Buckling initiation in layered hydrogels during transient swelling
Journal article, Peer reviewed
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Original versionJournal of the mechanics and physics of solids. 2019, 128 219-238. 10.1016/j.jmps.2019.04.008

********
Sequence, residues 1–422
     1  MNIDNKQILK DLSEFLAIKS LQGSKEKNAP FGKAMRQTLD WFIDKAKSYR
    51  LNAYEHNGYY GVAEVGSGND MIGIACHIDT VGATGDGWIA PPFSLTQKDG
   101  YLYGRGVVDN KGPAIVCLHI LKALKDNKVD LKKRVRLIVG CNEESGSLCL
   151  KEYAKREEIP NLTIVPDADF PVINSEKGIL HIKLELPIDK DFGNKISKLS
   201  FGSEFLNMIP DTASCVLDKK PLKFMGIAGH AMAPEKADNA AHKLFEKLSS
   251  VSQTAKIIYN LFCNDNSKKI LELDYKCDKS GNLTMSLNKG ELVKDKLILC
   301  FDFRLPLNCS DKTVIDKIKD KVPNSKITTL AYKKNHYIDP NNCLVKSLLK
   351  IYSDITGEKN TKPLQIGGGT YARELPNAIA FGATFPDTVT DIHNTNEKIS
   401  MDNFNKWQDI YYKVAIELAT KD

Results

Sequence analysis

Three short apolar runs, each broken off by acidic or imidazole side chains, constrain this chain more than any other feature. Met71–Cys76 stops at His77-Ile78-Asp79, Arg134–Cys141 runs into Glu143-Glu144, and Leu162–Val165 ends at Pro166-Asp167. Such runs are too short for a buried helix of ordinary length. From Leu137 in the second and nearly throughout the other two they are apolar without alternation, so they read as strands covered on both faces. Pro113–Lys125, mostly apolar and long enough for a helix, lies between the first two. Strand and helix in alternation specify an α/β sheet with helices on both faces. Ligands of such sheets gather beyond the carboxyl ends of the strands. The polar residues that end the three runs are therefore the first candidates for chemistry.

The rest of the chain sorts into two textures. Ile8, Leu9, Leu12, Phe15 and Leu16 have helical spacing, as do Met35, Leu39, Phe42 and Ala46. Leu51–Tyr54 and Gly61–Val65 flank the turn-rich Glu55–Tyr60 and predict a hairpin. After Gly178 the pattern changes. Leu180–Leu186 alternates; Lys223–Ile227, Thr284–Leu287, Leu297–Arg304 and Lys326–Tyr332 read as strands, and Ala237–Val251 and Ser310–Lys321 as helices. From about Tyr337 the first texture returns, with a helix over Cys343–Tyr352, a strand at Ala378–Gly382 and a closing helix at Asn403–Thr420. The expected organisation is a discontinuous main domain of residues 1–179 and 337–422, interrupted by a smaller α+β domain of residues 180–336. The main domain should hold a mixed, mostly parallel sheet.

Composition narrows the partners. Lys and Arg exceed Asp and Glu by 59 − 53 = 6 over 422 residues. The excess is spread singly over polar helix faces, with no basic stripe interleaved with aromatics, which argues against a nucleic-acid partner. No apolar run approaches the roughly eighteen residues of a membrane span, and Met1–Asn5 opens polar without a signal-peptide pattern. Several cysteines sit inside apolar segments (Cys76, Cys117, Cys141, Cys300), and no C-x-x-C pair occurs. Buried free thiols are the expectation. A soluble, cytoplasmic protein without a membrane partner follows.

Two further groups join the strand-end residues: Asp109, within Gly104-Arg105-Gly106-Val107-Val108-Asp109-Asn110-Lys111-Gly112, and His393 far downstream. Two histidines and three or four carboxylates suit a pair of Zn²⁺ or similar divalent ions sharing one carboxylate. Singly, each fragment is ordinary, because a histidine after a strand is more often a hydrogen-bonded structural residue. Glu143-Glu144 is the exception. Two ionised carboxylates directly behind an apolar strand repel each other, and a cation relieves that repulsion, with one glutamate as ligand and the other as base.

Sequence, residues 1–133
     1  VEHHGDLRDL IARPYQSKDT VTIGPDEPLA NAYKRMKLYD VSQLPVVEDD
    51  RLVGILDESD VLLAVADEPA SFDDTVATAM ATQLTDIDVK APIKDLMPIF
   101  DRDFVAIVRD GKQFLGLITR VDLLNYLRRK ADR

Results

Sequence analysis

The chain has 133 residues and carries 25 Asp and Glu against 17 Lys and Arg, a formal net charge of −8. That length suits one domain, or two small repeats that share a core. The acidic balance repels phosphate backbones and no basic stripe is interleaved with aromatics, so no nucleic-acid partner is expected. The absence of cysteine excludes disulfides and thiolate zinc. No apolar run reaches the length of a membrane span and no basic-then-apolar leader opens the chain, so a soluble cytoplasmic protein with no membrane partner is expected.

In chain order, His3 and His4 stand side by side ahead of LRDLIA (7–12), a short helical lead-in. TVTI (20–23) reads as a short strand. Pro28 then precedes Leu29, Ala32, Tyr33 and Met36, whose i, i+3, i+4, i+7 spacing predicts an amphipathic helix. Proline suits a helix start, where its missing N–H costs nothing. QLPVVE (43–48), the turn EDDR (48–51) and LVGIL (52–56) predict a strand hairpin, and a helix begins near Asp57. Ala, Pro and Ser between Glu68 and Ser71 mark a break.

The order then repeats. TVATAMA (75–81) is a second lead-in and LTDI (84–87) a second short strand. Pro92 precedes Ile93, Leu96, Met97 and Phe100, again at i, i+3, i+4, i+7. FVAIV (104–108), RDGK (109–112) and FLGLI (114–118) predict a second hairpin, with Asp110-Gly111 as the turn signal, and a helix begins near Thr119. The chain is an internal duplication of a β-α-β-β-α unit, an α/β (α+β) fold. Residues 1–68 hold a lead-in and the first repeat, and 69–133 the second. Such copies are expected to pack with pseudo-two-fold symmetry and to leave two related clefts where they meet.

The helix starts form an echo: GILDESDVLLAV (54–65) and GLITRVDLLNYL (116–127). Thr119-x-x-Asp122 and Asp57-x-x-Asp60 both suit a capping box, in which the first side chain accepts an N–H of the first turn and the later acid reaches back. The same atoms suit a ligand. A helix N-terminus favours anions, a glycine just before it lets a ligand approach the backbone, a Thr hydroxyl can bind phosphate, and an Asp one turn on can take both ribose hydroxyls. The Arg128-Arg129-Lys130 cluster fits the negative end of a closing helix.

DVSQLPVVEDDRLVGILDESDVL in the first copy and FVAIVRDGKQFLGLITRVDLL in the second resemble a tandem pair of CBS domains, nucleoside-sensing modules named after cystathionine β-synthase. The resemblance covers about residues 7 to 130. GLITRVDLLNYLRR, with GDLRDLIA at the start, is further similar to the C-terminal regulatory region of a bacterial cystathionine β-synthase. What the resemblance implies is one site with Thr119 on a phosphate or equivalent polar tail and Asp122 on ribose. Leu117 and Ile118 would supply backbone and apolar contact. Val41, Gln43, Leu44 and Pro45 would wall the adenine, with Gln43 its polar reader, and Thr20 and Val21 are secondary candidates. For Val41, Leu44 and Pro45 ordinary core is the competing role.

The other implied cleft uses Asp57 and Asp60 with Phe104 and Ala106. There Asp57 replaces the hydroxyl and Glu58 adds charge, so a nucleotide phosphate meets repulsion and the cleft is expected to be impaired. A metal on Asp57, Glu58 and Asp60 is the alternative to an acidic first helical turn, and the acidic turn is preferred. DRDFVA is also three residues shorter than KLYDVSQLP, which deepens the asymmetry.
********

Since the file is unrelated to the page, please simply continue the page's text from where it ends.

Subjected to compressive stresses, soft polymers with stiffness gradients can display various buckling patterns. These compressive stresses can have different origins, like mechanical forces, temperature changes, or, for hydrogel materials, osmotic swelling. Here, we focus on the influence of the transient nature of osmotic swelling on the initiation of buckling in confined layered hydrogel structures. A constitutive model for transient hydrogel swelling is outlined and implemented as a user-subroutine for the commercial finite element software Abaqus. The finite element procedure is benchmarked against linear perturbation analysis results for equilibrium swelling showing excellent correspondence. Based on the finite element results we conclude that the initiation of buckling in a two-layered hydrogel structure is highly affected by transient swelling effects, with instability emerging at lower swelling ratios and later in time with a lower diffusion coefficient. In addition, for hard-on-soft systems the wavelength of the buckling pattern is found to decrease as the diffusivity of the material is reduced for gels with a relatively low stiffness gradient between the substrate and the upper film. This study highlights the difference between equilibrium and transient swelling when it comes to the onset of instability in hydrogels, which is believed to be of importance as a fundamental aspect of swelling as well as providing input to guiding principles in the design of specific hydrogel systems.